"Then I'd tell them this is an archiving or offline system, so if you have a bad cartridge and can't restore it, that won't be a problem, and suddenly they'd be interested." He'd then do another demo, where data was backed up on five tapes but only four were loaded for a restore, and the restore would be successful.

That's when the potential customers would sign up at once.

Mirror, Mirror

Most corporate users look on Striper as a handy device for mirroring data to cope with their shrinking backup window.

Take Ameren's Bufalo, for instance. His main concern is being able to back up all his data nightly and, in keeping with corporate policy, make a second set of backup tapes to be shipped off-site by 11 a.m. on weekdays.

Sheer logistics make it impossible for him to complete his backup and clone the backup tapes for an off-site set by 11 a.m. Two of his three backup servers, Windows NT boxes with STK 9714 tape silos, service more than 50 clients each within the corporate firewall and also are used for tape recovery by about 1,500 clients in the main office complex during the day. This means they can't be used for backups after 9 a.m.

It takes Bufalo 12 hours, from 6 p.m. to 6 a.m., to create the first backup tape set. That gives him only three hours to clone them.

There just wasn't enough time to do the job, so Bufalo decided to mirror the backup tapes, generating both sets at the same time. Backup software offered by tape vendors didn't meet his needs. "Legato [Systems], Cheyenne, Palindrome and all of the vendors offer cloning where, after a tape is backed up, they do a tape-to-tape copy for you, but no one offered tape mirroring," Bufalo says.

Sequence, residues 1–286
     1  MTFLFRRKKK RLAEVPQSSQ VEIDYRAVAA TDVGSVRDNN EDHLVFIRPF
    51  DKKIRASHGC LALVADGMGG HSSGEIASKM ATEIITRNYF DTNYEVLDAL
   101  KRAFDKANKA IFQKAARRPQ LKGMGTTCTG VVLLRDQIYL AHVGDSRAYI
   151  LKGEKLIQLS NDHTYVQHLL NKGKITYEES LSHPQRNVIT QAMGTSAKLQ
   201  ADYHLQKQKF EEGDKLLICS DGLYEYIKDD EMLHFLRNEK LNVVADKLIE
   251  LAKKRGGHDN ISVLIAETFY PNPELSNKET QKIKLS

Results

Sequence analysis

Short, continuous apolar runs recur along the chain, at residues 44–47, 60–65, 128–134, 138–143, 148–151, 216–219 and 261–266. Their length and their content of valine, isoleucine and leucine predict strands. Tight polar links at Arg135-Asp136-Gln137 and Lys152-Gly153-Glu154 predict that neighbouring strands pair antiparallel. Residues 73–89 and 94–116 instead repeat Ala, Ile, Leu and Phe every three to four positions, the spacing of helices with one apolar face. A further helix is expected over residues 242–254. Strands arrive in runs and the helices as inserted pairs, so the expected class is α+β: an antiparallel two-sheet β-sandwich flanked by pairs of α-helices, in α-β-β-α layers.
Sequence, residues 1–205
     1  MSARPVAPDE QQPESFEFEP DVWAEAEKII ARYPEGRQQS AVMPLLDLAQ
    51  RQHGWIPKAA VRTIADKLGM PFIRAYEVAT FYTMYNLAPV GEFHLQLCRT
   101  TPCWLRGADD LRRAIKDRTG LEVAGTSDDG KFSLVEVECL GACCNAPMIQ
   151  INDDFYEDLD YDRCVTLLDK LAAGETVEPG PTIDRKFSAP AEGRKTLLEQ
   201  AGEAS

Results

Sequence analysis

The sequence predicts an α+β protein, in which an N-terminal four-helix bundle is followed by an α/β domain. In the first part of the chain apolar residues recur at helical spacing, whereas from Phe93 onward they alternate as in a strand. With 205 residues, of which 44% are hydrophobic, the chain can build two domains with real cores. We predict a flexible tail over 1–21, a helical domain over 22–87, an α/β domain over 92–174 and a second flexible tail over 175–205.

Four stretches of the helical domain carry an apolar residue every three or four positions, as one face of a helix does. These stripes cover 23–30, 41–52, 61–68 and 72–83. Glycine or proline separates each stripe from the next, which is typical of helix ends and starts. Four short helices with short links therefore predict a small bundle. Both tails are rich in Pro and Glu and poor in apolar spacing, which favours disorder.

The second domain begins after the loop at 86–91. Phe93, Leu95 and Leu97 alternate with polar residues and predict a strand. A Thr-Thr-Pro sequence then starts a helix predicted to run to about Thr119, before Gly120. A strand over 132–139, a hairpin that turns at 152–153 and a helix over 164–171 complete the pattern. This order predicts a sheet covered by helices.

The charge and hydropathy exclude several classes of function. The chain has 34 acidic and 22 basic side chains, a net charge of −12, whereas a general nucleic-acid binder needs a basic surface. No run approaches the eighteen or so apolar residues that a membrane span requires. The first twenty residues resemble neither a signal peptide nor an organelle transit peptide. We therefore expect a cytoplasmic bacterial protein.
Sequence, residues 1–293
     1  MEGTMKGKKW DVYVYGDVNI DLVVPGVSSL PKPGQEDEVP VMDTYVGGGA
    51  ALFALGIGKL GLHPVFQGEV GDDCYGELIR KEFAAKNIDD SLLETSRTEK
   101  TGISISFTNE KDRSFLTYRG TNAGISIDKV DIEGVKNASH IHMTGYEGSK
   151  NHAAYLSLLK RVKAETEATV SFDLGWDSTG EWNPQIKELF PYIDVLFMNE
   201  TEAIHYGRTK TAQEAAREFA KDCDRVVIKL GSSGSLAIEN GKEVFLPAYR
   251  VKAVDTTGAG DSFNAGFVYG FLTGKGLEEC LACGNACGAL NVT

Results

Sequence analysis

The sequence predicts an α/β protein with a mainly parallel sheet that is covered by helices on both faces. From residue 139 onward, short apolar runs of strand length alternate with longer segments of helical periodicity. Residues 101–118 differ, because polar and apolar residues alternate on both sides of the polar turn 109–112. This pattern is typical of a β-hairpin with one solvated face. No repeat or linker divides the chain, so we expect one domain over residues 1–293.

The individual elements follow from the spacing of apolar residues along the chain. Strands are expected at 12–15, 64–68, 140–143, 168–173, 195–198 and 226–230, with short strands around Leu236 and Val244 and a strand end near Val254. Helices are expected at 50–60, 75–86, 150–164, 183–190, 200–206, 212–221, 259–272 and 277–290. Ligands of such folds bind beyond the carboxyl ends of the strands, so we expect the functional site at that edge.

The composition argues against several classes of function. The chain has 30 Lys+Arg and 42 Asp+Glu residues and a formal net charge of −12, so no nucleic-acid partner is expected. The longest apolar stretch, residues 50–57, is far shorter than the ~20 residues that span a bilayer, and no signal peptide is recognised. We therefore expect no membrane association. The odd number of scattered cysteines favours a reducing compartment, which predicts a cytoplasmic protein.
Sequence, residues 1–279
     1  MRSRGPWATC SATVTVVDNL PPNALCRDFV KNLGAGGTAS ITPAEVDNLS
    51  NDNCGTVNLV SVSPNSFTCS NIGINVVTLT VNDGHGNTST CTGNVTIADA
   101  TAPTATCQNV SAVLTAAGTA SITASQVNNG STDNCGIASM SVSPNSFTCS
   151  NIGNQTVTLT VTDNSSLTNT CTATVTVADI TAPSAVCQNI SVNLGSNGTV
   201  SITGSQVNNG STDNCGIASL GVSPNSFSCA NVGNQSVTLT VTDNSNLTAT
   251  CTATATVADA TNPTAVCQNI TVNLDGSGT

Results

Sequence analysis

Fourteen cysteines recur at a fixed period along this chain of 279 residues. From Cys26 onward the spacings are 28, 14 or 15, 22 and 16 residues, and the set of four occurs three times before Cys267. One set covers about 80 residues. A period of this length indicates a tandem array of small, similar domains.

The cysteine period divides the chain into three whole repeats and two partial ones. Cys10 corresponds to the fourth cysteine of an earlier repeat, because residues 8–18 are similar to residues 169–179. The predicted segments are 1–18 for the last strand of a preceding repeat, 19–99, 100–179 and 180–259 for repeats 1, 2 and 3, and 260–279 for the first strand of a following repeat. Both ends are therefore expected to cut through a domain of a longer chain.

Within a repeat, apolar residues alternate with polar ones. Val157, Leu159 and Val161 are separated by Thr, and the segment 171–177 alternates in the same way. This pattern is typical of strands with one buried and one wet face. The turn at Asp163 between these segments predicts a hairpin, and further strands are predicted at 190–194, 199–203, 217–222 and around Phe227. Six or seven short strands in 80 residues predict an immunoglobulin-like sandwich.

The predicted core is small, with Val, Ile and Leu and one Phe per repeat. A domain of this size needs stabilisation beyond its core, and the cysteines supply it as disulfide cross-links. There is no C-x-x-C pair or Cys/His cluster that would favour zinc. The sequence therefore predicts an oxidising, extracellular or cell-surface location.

Then Bufalo turned to Ultera, whose products he was already using on other servers, DLT 4700s, which are seven-tape, one-slot silos. He got Ultera to custom-design a subsystem. This is a 19-inch rack unit with space for eight individual RAIT controllers, each of which is used for one set of drives, and it mirrors tape libraries.

When Bufalo backs up data at night, both STK 9714s automatically load their tapes and mirror the data being backed up. Each drive and the robot are mirrored on their own controllers, for redundancy. "As an electric utility, we're a 24x7 shop and take our tape backups extremely seriously because we're always looking out for the disaster-recovery scenario," Bufalo says. He's simulated a disaster, got the hardware vendor to deliver a new server, and restored data from off-site tapes successfully.